The difficulties of cultural stereotypes

Wes gave flteach members a website to go to on Amazon.

The book is about how to advertise in various cultures based on the author’s background in anthropology and psychology – psychoanalysis, to be exact.

Most people have abandoned Freudian analysis except in peripheral fields like literature and advertising. I am not sure why so many professional people still buy into the tortured symbolism Freud used to understand people but they do. Several of the reviews on Amazon are glowing but one nails it: absurd.

Since this is my blog I’ll go ahead and offend some people. I know a lot of people, personally and through their comments, who were never fooled by Bush for a second. They recognized him for what he is right away and 9/11 in no way set them up for invading a whole country. The most obvious thing to do was to let the inspectors do their job – and even if they found weapons of mass destruction, that didn’t require invading the country. If it did, we would build a real coalition and do it with international sanction.

I count myself among those people. Many, many people in this country think I am un-American, cowardly, a pussy, and, as Anne Coulter would have it, homosexual (see, all those gay guys in the army throw their rifles down and whine when the enemy attacks, according to vicious jerks like Coulter). Me and my friends simply think we know something that others donít: that people don’t like being invaded and they’ll fight back but not in the way that will make it easy to defeat them. Just like the conservatives get people like me wrong, so they got the Iraqis wrong.

Now, how in the hell are you going to advertise to both me and Anne Coulter? We may be part of the same culture but our values are totally different. All you have to do is listen to the Republican candidates: to me they’re from another planet. What values do I share with Rudy and Mitt? None.

There is a culture war, as Pat Buchanan said, but war is too strong a word. We have vast cultural differences in our country. In the classroom, I hear values espoused by students, obviously taken from home, that make me shudder. Now Pat and I could sit together and have coffee and talk and it would be very interesting and I would never deny him his Americanness, but his Catholic view of the world? His vision of sealed borders? His willingness to go to war? His view of the family and of women? Of minorities? We are at opposite ends of the spectrum. The two very divergent views of these two Pats would quickly become apparent.

Other coutries face the same diversity. Look at France. Look at Russia. At England. At Spain. Algeria. Iraq. Iran. Any country of any size has this sort of diversity. In the past, I remember us attributing the diversity to “opinion”. But Buchanen got it right: it’s a cultural difference. Some observers of the American scene have suggested that there is a Southern and a Northern culture. Others have tried to link it to class and/or race. I am not sure, but I do know that I live and work cheek by jowl with people who seem to live in a different world. It’s not always stark but it’s there.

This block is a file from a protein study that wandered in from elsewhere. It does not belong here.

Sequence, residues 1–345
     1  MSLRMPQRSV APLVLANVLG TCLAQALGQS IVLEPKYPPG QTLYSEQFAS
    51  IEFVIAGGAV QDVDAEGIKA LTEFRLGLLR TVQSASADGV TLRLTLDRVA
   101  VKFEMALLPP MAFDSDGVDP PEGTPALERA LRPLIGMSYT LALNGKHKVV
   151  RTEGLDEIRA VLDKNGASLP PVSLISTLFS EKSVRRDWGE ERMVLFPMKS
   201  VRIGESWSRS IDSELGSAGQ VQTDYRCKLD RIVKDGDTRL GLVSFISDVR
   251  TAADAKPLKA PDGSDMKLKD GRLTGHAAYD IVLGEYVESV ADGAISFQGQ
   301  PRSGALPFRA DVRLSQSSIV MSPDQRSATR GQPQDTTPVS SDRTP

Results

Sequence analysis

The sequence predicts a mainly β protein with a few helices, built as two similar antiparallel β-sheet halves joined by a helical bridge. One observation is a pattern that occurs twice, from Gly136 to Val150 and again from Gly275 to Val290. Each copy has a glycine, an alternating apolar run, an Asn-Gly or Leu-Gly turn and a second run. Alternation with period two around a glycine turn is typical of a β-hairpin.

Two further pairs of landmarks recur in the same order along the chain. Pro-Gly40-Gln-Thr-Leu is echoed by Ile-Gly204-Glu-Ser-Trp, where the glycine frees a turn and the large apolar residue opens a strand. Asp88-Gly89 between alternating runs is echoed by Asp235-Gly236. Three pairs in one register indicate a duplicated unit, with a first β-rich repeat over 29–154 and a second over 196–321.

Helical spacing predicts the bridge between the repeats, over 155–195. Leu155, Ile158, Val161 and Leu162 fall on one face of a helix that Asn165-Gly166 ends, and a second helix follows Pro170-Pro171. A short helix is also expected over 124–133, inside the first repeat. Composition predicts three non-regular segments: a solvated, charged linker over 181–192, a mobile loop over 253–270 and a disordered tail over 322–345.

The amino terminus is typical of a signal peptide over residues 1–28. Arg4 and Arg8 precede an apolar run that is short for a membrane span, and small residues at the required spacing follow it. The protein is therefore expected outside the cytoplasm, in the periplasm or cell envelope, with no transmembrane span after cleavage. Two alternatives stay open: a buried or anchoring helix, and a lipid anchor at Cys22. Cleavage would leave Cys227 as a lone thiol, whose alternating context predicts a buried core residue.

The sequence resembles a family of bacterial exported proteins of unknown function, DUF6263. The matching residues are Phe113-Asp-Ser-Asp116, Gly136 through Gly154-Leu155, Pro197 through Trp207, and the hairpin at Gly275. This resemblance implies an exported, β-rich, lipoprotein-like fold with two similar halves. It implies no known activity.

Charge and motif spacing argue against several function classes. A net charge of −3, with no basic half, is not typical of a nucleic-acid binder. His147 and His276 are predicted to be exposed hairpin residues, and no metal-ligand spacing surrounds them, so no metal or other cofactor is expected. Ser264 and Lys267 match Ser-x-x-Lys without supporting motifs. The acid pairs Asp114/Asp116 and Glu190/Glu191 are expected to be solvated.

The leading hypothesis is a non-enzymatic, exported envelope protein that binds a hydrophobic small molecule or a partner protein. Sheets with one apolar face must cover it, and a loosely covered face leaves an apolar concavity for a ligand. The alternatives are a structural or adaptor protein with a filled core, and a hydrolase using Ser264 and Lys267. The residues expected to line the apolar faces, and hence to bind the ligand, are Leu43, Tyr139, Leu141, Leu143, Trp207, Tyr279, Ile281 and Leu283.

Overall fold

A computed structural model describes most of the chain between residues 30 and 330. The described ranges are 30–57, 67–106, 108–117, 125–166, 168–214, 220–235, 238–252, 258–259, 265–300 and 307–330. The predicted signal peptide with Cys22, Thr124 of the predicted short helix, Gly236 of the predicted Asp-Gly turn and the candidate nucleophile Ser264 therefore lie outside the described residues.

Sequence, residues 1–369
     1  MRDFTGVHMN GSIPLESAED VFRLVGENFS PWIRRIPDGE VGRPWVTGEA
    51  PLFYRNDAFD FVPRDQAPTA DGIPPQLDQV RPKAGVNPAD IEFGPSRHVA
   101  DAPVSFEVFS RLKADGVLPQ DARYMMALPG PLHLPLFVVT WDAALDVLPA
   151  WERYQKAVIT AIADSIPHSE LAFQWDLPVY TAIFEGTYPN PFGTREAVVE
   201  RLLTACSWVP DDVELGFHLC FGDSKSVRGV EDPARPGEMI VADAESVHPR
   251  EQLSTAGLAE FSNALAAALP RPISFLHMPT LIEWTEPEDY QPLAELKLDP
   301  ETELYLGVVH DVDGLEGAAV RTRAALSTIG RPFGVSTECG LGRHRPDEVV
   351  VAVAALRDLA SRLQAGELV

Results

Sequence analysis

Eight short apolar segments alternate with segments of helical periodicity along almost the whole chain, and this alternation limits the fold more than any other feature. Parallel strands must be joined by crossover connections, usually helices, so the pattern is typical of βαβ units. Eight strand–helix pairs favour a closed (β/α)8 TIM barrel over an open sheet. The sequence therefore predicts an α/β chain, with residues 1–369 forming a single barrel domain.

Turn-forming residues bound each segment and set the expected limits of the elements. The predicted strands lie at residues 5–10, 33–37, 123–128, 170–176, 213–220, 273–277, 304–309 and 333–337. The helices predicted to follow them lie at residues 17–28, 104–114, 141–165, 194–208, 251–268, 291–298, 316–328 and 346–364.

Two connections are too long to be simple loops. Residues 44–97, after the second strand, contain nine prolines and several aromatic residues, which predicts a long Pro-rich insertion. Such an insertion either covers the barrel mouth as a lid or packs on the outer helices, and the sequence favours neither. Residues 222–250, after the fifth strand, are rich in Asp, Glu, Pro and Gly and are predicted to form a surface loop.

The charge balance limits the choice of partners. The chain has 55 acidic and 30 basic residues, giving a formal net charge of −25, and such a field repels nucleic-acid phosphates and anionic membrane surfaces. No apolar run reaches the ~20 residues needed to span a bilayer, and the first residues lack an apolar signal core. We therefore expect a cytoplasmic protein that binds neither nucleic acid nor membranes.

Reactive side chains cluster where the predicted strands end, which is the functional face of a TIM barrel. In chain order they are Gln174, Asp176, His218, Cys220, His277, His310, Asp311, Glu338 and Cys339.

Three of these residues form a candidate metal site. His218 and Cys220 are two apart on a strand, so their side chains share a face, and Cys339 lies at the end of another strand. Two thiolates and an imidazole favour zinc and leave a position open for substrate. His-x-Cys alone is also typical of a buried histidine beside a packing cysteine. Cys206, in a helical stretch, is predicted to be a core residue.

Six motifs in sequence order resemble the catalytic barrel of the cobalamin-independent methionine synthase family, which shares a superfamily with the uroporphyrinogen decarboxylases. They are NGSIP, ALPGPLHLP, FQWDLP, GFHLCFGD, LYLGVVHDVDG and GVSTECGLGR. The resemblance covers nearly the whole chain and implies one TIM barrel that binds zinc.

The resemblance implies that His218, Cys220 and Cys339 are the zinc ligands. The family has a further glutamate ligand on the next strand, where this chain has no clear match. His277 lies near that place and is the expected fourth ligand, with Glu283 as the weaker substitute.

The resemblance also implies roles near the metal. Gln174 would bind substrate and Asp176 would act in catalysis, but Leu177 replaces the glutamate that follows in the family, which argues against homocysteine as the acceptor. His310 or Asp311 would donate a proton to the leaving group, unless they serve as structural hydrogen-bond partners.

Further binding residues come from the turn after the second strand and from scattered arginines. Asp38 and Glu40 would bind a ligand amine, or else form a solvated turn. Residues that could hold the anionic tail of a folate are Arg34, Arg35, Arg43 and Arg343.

Just one example. I often run into people who think that if you are not a church-going person, a Christian church, and only certain Christian churches, then you must be a shallow and even immoral person. They truly believe this, they believe it deeply, and they act on their belief. That is so bizarre and weird to me that I feel I have little in common with a person like that, yet I know many and like them. But they live in a different world. I can’t talk to them the way I talk to my close friends, to some of my colleagues; they would either be offended or would not understand.

So I’m with the reveiwer who says the attempt to minutely calibrate advertising to some canvass of culture in a country is absurd. Not that it won’t work from time to time – Americans identify with their cars. Whooppee! Who didn’t know that? We are seeing this in our country with the recently profiled Grupo Gallegos marketing to Hispanics. This one subculture within the U.S breaks down immediately into a jillion subgroups based on country of origin, length of time in this culture, level of acculturation, age, section of the country, dominant language, religion, sex, income level, education…… see what I mean?

How do we teach about such cultural diversity in our classrooms? What country do we teach about that does not have this diversity? Japan? It has diversity. We all do. Stereotypes have their uses but they are very misleading.

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